VA Loans for Those That Serve and Deserve

When you think of military benefits, you probably think of continued health care through the Veterans Administration (VA) hospital or buying cheap groceries at the PX. The VA’s loan program should top your list though. Low rates and zero down requirements make VA loans one of the top benefits available to those in or released from the military.

All About VA Loans

Qualified recipients can purchase or build a home or refinance one with a loan up to $484,350, the 2019 loan limit. In areas where real estate costs more like New York City and Los Angeles, the VA provides a higher loan limit. You also avoid paying for Private Mortgage Insurance (PMI). PMI insurance type protects your lender until you reach at least 20 percent equity for which you pay monthly premiums.

During the year 2018, the VA backed mortgages worth $161.3 billion. The average home loan amount was $264,197.

The affordability of these loans makes them attractive to every service-member and veteran who wants to own a home. Traditional mortgages simply cost more money, and they have far tougher qualifications. Read on to learn how to shop mortgage lenders, apply for a VA loan and to explore the loan process in-depth.

VA Loans: Basic Training

Your loan still comes from a private lender although it is backed by the US Department of Veterans Affairs. The program began in 1944 and since then more than 22 million individuals have purchased homes through it.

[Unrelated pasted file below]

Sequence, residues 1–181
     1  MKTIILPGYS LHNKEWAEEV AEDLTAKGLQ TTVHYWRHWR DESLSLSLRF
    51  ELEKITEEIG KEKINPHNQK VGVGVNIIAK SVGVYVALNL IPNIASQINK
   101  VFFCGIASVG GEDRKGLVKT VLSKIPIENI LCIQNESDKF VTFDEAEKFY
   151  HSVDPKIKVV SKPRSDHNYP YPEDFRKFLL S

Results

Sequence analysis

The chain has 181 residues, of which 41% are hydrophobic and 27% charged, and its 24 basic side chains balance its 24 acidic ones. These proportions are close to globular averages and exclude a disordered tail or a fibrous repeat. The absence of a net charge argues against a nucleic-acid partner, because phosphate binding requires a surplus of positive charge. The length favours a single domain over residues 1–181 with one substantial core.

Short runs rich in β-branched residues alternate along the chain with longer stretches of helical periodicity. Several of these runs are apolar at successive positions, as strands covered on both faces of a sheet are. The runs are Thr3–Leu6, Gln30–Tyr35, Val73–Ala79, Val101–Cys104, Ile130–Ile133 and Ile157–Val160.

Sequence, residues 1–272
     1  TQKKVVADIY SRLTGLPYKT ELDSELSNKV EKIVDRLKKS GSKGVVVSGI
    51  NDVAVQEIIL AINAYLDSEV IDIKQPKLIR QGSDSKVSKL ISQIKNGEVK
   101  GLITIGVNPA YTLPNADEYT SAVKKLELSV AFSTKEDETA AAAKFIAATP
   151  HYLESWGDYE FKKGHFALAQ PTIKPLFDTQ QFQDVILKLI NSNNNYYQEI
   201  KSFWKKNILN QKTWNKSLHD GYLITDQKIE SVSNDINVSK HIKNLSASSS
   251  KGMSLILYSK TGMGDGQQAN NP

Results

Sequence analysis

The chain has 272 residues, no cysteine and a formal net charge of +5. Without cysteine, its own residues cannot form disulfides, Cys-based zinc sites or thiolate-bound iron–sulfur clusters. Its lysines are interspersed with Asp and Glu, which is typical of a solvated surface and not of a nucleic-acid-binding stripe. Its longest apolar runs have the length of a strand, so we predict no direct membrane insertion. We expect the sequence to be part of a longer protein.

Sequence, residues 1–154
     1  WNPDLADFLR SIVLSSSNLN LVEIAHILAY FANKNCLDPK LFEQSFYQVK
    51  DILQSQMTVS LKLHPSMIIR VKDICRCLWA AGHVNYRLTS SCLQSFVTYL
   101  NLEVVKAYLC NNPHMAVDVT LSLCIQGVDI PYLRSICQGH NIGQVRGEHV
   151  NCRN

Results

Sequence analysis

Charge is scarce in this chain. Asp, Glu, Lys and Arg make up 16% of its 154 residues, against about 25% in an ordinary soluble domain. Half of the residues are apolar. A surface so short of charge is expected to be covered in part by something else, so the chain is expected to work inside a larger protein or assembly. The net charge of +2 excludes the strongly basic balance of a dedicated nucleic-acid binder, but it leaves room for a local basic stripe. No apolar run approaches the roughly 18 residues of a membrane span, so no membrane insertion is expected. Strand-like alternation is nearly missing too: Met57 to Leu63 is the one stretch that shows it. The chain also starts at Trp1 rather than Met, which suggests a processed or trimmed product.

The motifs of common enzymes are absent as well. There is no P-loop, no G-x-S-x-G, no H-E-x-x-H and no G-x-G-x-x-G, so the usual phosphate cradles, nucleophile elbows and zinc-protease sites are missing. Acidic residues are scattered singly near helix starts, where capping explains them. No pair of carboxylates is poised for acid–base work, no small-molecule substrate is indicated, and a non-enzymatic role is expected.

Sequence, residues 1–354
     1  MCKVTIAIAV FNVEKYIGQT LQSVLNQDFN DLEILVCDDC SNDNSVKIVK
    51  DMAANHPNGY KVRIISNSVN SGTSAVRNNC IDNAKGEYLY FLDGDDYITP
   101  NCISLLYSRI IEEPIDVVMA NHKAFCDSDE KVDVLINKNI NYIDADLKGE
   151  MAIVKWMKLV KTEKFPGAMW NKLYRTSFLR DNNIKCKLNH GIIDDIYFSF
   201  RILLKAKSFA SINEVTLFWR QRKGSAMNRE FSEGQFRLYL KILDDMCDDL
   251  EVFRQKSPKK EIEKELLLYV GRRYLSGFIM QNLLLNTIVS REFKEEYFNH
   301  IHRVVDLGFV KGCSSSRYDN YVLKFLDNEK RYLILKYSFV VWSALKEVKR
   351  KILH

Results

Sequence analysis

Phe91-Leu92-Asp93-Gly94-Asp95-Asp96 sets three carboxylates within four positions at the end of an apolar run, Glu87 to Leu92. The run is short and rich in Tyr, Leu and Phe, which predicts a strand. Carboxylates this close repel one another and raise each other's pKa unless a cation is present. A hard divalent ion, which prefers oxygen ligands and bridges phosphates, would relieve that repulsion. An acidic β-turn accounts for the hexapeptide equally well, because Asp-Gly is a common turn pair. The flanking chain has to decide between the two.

With a conventional home loan, you must put down as much as 20 percent. The VA loan programs offer the only loans you can get with no down payment.

With a conventional home loan, you must purchase PMI which can incur a monthly cost of hundreds of dollars. You avoid that with a VA loan.

With a conventional home loan, interest rates can reach sky-high limits. The government backing on a VA loan keeps its interest rates very low – in many cases, under five percent.

With a conventional home loan, you must meet stringent requirements. The VA home loan program provides a more lenient lending policy and has more lax requirements.

VA Funding Fee

You will pay a VA Funding Fee to the Department of Veterans Affairs which helps pay for future VA loans. Those with a service-related disability avoid the funding fee. Which ranges from about 2 percent for first-time homebuyers to 3.3 percent to 3.6 percent for repeat home buyers. You can bundle this cost into the loan amount.